Eight Ball is a decent game, with a straight forward rule set.  The problem with Eight Ball has been the controlled lights.  Bally’s lamp sockets aren’t the greatest, and about half of the lights on the playfield only work intermittently.  This is a repair I’d have made on a game I was restoring, but hadn’t gotten around to on Eight Ball.  This evening, I relocated the wires which control each lamp socket from the small tab where they were originally soldered on to, to the base of the lamp socket.  The tab was a more secure location to solder a wire to, but over the years, the insulation in the lamp socket has shrunk, and the tab is no longer (always) touching the base of the socket.  This means, the power never gets to the lamp itself!

After relocating about three dozen wires, I cleaned and waxed Eight Ball’s playfield, and cleaned out the general illumination lamp sockets.  I also cleaned and gapped the EOS switches for the flippers and the jet bumper switches.

Saturday, I’ll place the playfield back in the game and test it to make sure everything works the way it should.

Restoring an old arcade machine is not as cool and glamorous as the end result sometimes appears – it’s often hard work, with long hours which go overlooked by many potential buyers.

Did you know that old pinball machines were *not* painted tan or brown?  Most pinball machines made before the 1980s had a white base coat.  The only reason it looks tan is because it’s covered in nicotine, a sign that the game spent a lot of time in cigarette smoke.  I’m not trying to take a cheap shot at smokers; but I am trying to illustrate what kind of work goes in to restoring an old game.  That nicotine gets everywhere, including inside of the game, and it has to be cleaned out…

That metal might have come shiny 30 years ago, but it had to be buffed and polished to become shiny again.  Those flippers might have been nice and snappy back in the day, but they had to be rebuilt with all new parts to work like new again today.   Pop bumpers, scoring mechanisms, slingshots, and drop targets all need work and attention to make sure they all work properly too.  Dozens of relays, hundreds of contacts, the list goes on…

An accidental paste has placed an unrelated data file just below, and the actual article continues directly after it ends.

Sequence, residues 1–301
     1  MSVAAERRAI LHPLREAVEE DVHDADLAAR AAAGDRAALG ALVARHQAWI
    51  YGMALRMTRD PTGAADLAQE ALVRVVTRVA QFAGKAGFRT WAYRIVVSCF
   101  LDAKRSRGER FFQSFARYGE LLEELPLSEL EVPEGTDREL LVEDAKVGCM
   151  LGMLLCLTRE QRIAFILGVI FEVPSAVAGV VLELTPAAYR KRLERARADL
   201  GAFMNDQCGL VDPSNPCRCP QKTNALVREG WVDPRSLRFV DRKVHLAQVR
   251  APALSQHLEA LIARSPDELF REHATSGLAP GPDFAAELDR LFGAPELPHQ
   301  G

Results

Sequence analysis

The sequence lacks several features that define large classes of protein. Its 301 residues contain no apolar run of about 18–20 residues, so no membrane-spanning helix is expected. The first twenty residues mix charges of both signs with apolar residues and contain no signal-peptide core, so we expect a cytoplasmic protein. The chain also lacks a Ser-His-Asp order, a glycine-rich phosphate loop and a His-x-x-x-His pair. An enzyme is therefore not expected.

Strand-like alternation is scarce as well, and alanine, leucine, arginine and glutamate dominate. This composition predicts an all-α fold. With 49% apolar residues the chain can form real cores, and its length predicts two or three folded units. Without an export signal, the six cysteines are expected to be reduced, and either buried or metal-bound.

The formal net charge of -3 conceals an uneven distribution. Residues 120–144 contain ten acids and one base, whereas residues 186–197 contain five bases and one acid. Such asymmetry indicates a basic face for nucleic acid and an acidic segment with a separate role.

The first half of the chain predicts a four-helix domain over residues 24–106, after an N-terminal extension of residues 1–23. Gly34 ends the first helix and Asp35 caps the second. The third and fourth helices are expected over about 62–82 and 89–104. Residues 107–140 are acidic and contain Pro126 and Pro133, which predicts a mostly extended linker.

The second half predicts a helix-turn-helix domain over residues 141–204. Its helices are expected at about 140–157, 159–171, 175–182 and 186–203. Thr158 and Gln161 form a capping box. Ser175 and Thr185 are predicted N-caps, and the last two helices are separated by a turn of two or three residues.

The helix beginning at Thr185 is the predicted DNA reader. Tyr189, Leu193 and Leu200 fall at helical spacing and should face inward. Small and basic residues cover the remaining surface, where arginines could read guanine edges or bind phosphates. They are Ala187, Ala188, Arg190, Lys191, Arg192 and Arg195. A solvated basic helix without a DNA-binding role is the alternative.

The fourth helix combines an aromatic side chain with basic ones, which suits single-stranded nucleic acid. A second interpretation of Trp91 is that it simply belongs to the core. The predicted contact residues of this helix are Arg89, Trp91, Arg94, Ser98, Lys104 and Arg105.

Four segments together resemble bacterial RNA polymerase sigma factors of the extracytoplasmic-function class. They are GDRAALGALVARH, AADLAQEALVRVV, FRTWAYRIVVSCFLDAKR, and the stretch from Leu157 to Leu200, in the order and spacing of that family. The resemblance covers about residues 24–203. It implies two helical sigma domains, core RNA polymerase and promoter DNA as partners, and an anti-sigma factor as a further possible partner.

It’s not cheap, it’s not easy, and I’ve heard people tell me I *must* be insane to do what I do.  Maybe I am, but there’s always that feeling of self satisfaction when I finish a game, and see it ready to entertain people for another generation or two.

I’m restoring a puck bowling game for a customer right now.  The right parts for this game are hard to come by – mostly, because they’re 60 years old!  Fortunately, there are no dead mice (or remnants of live mice) in this old game, but the challenges of restoring it to its former glory abound!  Some of the parts can be rebuilt, while others (if they can be located) can cost hundreds of times more than they’re actually worth, because of supply (i.e. lack there of) and demand.  These costs drive up the price of a restored game.

Then when you have restored the game, spent 30 to 40 hours cleaning, polishing, rewiring, repairing, rebuilding, etc., you price it to sell – as best you can – and compete with the likes of people on Craigslist.  They’ll offer similar titles at very low prices.  Some of them will say they “shopped” the machine and that it works “100%”.  The unsuspecting buyer may think to themselves that it’s an old pinball machine, so what should you expect?  Well, old games that work “100%” should be working the way they did back when the game was new, and anything less is not 100%…

I was bringing a game into Lanes & Games in Cambridge for a tournament a few months ago.  A woman saw me, stopped me, and asked me if I sold pinball machines  I politely gave her my card.  I told her the game I was bringing in was for sale.  She asked me how much I wanted for the game, and I told her $1200.  She looked at me like I had just said a dirty word and handed me my card back.  She said she thought the game would have cost $200 or $300!!!